It has been shown that a non-square (NS)22n+1-ary (where n is a positive integer) quadrature amplitude modulation [(NS)22n+1-QAM] has inherent memory that can be exploited to obtain coding gains. Moreover, it should not be necessary to build new hardware to realize these gains.

The present scheme is a product of theoretical calculations directed toward reducing the computational complexity of decoding coded 22n+1-QAM. In the general case of 22n+1-QAM, the signal constellation is not square and it is impossible to have independent in-phase (I) and quadrature-phase (Q) mapping and demapping. However, independent I and Q mapping and demapping are desirable for reducing the complexity of computing the log likelihood ratio (LLR) between a bit and a received symbol (such computations are essential operations in iterative decoding). This is because in modulation schemes that include independent I and Q mapping and demapping,each bit of a signal point is involved in only one-dimensional mapping and demapping. As a result, the computation of the LLR is equivalent to that of a one-dimensional pulse amplitude modulation (PAM) system. Therefore, it is desirable to find a signal constellation that enables independent I and Q mapping and demapping for 22n+1-QAM.

A Non-Square 22n+1-Quadrature Amplitude Modulator would be concatenated with a forward-error-correcting (FEC) encoder. The FEC output bits would be permuted by a random interleaver (π) before each successive group of 2n+1 bits was mapped into an (NS)22n+1-QAM symbol.

Careful labeling of each symbol in the constellation reveals the memory inherent in the corresponding modulation scheme. To obtain the signal constellation or (NS)22n+1-QAM, one starts with the square constellation for (NS)22n+2-QAM with independent I-dimension and Q-dimension Gray-code (GC) mapping. That is, each dimension of the square 22n+2-QAM is an independent PAM with GC mapping. There are 22n+2 signal points in the square 22n+2-QAM constellation. The GC label of each signal point can be obtained by concatenating its I-dimension GC label with its Q-dimension GC label. If one then deletes every other point in each dimension, then there remain only half of the points in each row and half of the points in each column. The distance between the remaining points in the rows and columns are the same. The total number of remaining points is 22n+1 and these points form the non-square constellation for (NS)22n+1-QAM.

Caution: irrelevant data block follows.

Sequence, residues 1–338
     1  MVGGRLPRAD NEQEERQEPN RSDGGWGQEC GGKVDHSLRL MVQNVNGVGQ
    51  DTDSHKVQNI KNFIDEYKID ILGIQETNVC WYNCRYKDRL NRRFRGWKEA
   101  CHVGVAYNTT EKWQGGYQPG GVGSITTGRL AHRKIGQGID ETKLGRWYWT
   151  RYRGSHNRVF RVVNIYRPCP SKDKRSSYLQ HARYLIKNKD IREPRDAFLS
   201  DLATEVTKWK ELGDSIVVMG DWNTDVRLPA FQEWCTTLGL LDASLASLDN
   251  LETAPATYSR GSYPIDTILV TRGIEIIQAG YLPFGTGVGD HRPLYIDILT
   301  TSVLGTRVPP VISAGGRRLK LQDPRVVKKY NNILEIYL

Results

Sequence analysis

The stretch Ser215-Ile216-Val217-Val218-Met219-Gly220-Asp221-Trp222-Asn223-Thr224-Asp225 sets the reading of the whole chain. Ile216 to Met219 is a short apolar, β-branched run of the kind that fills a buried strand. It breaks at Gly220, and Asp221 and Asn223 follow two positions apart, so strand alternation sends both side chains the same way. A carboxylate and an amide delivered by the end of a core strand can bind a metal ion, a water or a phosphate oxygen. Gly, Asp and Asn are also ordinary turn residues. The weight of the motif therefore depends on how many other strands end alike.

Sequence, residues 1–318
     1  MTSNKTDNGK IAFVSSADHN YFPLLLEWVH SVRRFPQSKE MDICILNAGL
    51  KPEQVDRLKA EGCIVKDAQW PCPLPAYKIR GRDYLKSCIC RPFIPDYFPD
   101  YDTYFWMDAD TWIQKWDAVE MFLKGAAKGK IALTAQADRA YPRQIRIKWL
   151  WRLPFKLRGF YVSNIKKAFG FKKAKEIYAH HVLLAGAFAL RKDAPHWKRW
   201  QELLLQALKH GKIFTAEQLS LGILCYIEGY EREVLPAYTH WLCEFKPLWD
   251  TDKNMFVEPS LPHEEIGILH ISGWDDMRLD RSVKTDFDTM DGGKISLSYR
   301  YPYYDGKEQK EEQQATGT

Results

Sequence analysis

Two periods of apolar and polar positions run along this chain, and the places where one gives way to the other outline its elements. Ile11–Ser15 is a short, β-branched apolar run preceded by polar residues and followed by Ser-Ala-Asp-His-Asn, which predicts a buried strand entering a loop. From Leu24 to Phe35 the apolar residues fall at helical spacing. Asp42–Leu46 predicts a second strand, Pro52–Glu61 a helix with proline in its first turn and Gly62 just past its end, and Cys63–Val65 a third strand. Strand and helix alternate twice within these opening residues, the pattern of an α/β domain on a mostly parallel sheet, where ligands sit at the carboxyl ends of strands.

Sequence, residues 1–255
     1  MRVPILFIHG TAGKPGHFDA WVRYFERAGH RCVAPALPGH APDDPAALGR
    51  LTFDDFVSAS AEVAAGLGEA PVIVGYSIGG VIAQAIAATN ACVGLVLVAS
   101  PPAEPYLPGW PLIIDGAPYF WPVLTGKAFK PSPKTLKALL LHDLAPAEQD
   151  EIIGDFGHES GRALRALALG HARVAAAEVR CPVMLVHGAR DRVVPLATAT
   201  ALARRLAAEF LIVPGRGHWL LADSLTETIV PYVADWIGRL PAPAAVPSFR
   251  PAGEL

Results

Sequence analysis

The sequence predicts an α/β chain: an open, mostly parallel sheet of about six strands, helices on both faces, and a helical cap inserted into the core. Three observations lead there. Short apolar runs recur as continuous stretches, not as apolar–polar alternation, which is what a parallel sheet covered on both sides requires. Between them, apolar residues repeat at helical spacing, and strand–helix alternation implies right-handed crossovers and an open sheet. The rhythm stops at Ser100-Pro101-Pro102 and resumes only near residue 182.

The labels of the remaining 22n+1 points are the same as in the square 22n+2-QAM constellation. This means that 2n+2 bits are used to label each of the 22n+1 points in the (NS)22n+1-QAM constellation: n+1 bits for the I-dimension labeling, and n+1 bits for the Q-dimension labeling. However, each point in an (NS)22n+1-QAM constellation represents only 2n +1 bits of information. Hence, the 2n+2 bits used for labeling an (NS)22n+1-QAM signal point are not independent.

Close examination has shown that for any signal point in the (NS)22n+1-QAM constellation, the last bit of its 22n+2 labeling bits can be viewed as a parity-check bit of the other 2n+1 bits. Therefore, each (NS)22n+1-QAM symbol can be generated by first encoding the corresponding 2n+1 bits with a (2n+2 , 2n+1) single-parity- check (SPC) block encoder and then using the 2n+2 encoded bits to select one of the 2n+1 points on the (NS)22n+1-QAM. The I-dimension position and the Q-dimension position of a signal point on an (NS)22n+1-QAM constellation can be independently determined by the first n+1 encoded bits and the remaining n+1 encoded bits, respectively. The (2n+2 , 2n+1) SPC block code can be generated as a recursive, systematic, terminated convolutional code with two states. In other words, the decomposition of (NS)22n+1-QAM into a block encoder and a memoryless modulator leads to a showing that (NS)22n+1-QAM is, by itself a form of coded modulation.

When concatenated with a forward-error-correcting (FEC) code (see figure), this decomposition can be applied to obtain joint iterative demodulation and decoding algorithms that exploit the inherent memory of (NS)22n+1-QAM so as to achieve better coding gains. In addition, because of the independent I and Q mapping of (NS)22n+1-QAM, the decoding complexity can be reduced to that of one-dimensional PAM. Moreover, because the signal constellation of (NS)22n+1 -QAM is a subset of the square 22n+2-QAM constellation, it should be possible, in practice, to implement (NS)22n+1-QAM by use of 22n+2-QAM equipment already in existence.

Results of some computational simulations have shown that with iterative demodulation and decoding according to this scheme, coded (NS)8-QAM performs 0.5 dB better than does coded standard 8-QAM and 0.7 dB better than does coded 8-ary phase-shift keying (8 PSK) when the FEC code is the (15,11) Hamming code concatenated with a rate-1 accumulator code. Other simulation results show that coded (NS)32-QAM performs 0.25 dB better than does coded standard 32-QAM.

This work was done by Lifang Li, Dariush Divsalar, and Samuel Dolinar of Caltech for NASA's Jet Propulsion Laboratory.

The software used in this innovation is available for commercial licensing. Please contact Don Hart of the California Institute of Technology at (818)393-3425.

Refer to NPO-40308.

This Brief includes a Technical Support Package (TSP).
Iterative Demodulation and Decoding of Non-Square QAM

(reference NPO40308) is currently available for download from the TSP library.

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This article first appeared in the September, 2004 issue of NASA Tech Briefs Magazine.

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